Stepping Stones

A fenced lot between the Agape House and the Theater Sports Park was the proposed site of the Stepping Stones project.

An ordinance passed unanimously by the Hermiston City Council on Monday, Sept. 14, would preclude the location for a proposed homeless shelter in Hermiston.

The ordinance allows for temporary emergency housing, such as homeless shelters or camps for people who have been evacuated from a natural disaster, as a conditional use in industrial zones. But a rule in the ordinance states that such shelters must be at least 1,000 feet from schools and parks.

A group of Hermiston residents formed a nonprofit called Stepping Stones in early 2020, and in April, presented a plan to the council to create a homeless shelter using 6 foot by 10 foot Conestoga huts placed on a 0.8-acre lot behind the Agape House food bank on Harper Road — less than 1,000 feet from Theater Sports Park.

The huts would have no running water or electricity, but would have access to a community building with restrooms, showers and a gathering space. Residents would only be allowed on-site in the evenings after being checked in by security, and would have to earn credits through volunteering, work or education in order to continue living at the site.

Stepping Stones at the time asked the city to consider contributing $85,000 toward the cost of building the huts and $40,000 annually toward security and other operating costs for the site. City councilors in April said they felt the financial ask was too high and not enough details had been worked out, but they voted to direct the planning commission to come up with an ordinance that would at least allow that type of temporary emergency shelter inside city limits.

City planner Clint Spencer told the council on Sept. 14 that after hearing input from residents concerned that having a homeless shelter near a park would cause problems with loitering, harassment and drug paraphernalia at the park, the planning commission decided to include the provision about shelters being 1,000 feet from parks and K-12 schools.

Based on other feedback from the community, they also included a list of other requirements. A few of those included requiring camps to have a community building with restrooms and showers; requiring the site to be covered by a sight-obscuring fence at least 6 feet high; requiring applicants for a permit to submit a business plan and security plan; limiting residency for any occupant to 18 months; and requiring shelters to be co-located on a site with another existing industrial use already in place.

“This has changed quite a bit from when you looked at it during a work session in June,” Spencer said.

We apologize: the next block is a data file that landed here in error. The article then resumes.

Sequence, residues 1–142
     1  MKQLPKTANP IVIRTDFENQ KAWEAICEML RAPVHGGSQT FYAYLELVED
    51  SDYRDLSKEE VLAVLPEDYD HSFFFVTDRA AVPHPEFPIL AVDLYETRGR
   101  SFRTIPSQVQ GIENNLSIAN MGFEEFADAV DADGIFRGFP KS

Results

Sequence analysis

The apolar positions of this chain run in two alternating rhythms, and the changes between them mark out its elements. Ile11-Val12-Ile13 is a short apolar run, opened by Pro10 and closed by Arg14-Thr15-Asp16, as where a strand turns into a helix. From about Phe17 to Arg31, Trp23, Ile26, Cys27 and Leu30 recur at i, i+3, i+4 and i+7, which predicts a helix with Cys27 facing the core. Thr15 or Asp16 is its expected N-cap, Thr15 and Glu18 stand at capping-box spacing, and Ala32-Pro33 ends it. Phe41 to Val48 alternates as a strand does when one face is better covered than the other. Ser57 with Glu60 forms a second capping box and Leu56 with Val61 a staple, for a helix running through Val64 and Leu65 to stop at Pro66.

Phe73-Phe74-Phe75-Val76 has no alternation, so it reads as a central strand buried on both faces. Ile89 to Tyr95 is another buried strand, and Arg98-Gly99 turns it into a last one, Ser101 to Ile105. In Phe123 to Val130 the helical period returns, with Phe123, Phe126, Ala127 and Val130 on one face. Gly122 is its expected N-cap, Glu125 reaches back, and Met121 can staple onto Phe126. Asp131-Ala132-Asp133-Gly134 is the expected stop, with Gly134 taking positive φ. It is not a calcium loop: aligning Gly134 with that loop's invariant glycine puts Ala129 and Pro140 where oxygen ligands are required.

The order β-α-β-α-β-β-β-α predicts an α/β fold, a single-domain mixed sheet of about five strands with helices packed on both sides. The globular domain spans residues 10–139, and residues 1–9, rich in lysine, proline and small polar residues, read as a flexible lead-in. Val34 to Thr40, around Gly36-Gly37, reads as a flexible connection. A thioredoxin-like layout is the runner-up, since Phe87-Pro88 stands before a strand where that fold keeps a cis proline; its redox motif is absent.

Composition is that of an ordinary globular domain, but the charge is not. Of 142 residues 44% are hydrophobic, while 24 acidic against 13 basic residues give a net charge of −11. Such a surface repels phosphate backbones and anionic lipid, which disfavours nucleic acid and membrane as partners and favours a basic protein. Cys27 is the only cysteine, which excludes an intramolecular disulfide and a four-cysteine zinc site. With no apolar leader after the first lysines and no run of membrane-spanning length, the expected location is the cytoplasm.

He noted the ordinance merely allows for emergency shelters to exist in industrial zones, and is not tied to approval of Stepping Stones or any other specific projects.

Mayor David Drotzmann said when looking at a map of where the ordinance would allow a shelter, there were “not a lot of options” left — mostly some lots along Elm Avenue or South Highway 395 near Denny’s, if organizers are able to find an existing industrial user willing to allow them to co-locate on their property.

“I understand (the planning commission’s) feedback and their long deliberation that they’ve taken along with all the public input; I just hope that we haven’t handcuffed them so much that it’s made unreasonable,” Drotzmann said.

The Stepping Stones board has already made some improvements to the Agape House site, including leveling and the addition of a fence, but city manager Byron Smith said the Stepping Stones board had expressed to him that they didn’t want their project to trip up the city’s efforts to create rules for shelters.

“They’re trying to separate the issue and often it has been clouded,” Smith said. “This whole discussion tonight is about amending the zoning code to allow (emergency shelter projects) to happen, and I think it really got twisted up in their proposal to go on a certain location, and so I think they felt like they wanted to try and let the community discuss this, and then they will come forward with a proposal if they can find a site that’s workable.”

On Sept. 14, the council also accepted the resignation of councilor Doug Smith, who has represented Ward IV on the council for just under six years.

The city manager stated Smith had submitted a letter on Sept. 4 stating he was resigning effective Sept. 5 for “personal reasons.”

Because Smith still has more than two years left in his four-year term, the city’s charter states the city must hold a special election to fill his seat. The council can choose whether to appoint someone to fill the seat in the interim, or leave it vacant until after the election.

City manager Smith told the council that according to the city’s bylaws and election rules, that election will be held on March 9, 2021.

The council has four at-large positions and four ward positions, and the at-large positions are up for election on Nov. 3. He noted that two of the five candidates running for those four seats — current city councilor David McCarthy and newcomer Nancy Peterson — live in Ward IV and would be eligible to run for Doug Smith’s seat.

City councilor Roy Barron stated he thought it made the most sense to wait to appoint an interim councilor until after the Nov. 3 election so that if McCarthy or Peterson lost the election and wanted to apply, they could. Other councilors agreed, and the council voted to appoint an interim councilor after Nov. 3 to fill the seat until the special election in March.

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